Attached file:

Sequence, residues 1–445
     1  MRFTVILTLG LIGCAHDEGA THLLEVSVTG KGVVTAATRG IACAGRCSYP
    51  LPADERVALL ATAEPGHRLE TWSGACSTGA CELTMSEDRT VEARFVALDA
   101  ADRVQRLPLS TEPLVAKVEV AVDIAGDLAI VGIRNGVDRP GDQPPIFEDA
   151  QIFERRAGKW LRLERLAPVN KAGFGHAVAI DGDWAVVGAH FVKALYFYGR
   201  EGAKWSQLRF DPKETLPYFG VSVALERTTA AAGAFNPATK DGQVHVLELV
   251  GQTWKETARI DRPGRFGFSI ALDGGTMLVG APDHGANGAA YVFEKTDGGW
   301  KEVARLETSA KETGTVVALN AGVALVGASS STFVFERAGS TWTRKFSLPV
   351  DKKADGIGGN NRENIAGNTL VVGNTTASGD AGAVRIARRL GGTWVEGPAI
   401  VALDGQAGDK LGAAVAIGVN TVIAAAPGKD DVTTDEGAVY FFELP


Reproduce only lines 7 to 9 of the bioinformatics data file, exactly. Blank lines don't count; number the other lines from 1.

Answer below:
   251  GQTWKETARI DRPGRFGFSI ALDGGTMLVG APDHGANGAA YVFEKTDGGW
   301  KEVARLETSA KETGTVVALN AGVALVGASS STFVFERAGS TWTRKFSLPV
   351  DKKADGIGGN NRENIAGNTL VVGNTTASGD AGAVRIARRL GGTWVEGPAI